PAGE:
10 Alleys and Streetscapes from 10 Years of Patronicity
We share 10 of our favorite alley and streetscape projects since 2013.
2023 marks the 10 year anniversary of Patronicity. This blog is part of a series in honor of our 10 year anniversary, featuring 10 projects from each of our key project types: accessibility, alleys and streetscapes, community centers and venues, education, environmental, events, food and agriculture, gardens and green spaces, public art, parks and playgrounds, public plaza and markets, small businesses, and trails. In this series, we’ll share our favorite, most memorable and successful projects from over the years. We hope these projects will inspire you to become a changemaker and get to work building vibrant communities.
Across the United States, we have worked with communities to turn alleys into allies. Once abandoned, dark, and dingy spaces in the background of our vibrant downtowns, alleyways are now becoming places for people. Project for Public Spaces popularized the power of 10+, “the idea that places thrive when users have a range of reasons (10+) to be there.” Alleys can help to create synergy in communities by providing a variety of reasons to engage with the public space from seating, shade, games, public art, food, drink, music, and more. From rural towns to big cities, here are examples of alley and streetscape activations we’ve helped to launch.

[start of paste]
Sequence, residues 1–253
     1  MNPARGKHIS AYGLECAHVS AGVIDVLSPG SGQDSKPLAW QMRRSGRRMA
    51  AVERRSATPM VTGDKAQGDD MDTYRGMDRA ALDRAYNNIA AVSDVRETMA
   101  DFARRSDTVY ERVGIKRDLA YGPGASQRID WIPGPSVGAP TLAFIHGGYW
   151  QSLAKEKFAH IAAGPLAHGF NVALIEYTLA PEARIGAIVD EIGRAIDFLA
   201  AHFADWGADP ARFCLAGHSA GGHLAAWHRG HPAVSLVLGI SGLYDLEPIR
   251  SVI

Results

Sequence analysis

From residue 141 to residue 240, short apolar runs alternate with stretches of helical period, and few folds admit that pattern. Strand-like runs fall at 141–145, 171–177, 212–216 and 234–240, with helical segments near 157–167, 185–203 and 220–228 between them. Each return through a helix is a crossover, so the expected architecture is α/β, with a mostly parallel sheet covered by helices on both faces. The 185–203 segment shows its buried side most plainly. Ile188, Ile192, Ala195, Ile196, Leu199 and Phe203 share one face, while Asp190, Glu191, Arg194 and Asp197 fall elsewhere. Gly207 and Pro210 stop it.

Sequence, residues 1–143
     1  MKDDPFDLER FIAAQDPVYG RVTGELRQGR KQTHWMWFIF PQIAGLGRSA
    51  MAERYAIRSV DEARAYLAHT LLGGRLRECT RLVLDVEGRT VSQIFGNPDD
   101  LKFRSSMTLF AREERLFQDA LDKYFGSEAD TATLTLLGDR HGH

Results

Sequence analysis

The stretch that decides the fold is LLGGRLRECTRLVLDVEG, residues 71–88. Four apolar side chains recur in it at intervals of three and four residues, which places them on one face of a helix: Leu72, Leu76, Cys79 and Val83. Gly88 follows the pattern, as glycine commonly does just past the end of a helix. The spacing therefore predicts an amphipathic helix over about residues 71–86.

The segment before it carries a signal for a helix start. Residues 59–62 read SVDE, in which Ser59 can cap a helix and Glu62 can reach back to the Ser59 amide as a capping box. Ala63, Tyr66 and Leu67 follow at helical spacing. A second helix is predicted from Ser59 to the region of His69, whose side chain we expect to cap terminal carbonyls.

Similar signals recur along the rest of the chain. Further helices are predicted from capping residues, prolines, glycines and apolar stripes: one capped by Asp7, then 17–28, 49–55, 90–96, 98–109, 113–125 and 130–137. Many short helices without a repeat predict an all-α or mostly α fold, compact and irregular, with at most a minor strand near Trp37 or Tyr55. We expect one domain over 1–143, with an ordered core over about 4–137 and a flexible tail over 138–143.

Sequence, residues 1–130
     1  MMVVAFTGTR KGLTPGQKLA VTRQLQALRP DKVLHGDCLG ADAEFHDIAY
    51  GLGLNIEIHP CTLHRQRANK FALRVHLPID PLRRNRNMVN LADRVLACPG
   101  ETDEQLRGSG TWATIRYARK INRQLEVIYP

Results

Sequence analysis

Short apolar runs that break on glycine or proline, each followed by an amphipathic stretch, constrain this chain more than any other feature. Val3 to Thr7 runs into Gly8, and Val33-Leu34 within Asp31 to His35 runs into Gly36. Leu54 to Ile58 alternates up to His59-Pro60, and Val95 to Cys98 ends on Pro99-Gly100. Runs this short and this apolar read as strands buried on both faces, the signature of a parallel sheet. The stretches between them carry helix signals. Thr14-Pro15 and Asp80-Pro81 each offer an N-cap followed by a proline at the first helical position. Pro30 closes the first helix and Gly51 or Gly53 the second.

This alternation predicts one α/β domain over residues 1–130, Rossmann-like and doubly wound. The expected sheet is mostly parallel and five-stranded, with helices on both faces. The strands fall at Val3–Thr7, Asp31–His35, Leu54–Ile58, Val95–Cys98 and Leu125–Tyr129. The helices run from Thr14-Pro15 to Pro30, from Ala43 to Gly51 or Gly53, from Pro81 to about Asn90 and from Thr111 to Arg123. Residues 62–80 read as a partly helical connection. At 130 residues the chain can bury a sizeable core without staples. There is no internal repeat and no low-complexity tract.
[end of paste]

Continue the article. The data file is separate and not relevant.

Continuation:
Bates Alley was a little-known, underinvested alley harboring industrial trash bins and traffic blocks along the backside of businesses between key districts in the downtown Kalamazoo area. With the support of the community, Downtown Kalamazoo Inc. successfully launched a crowdfunding campaign to turn Bates Alley into a vibrant, active public space for outdoor dining, events, and community connection. The project turned Bates Alley into a pedestrian promenade with outdoor seating, lighting, trees, benches, and more. The budget also included repairing and repaving the roadway, bollards to limit vehicle access, bike racks, waste receptacles, and signage.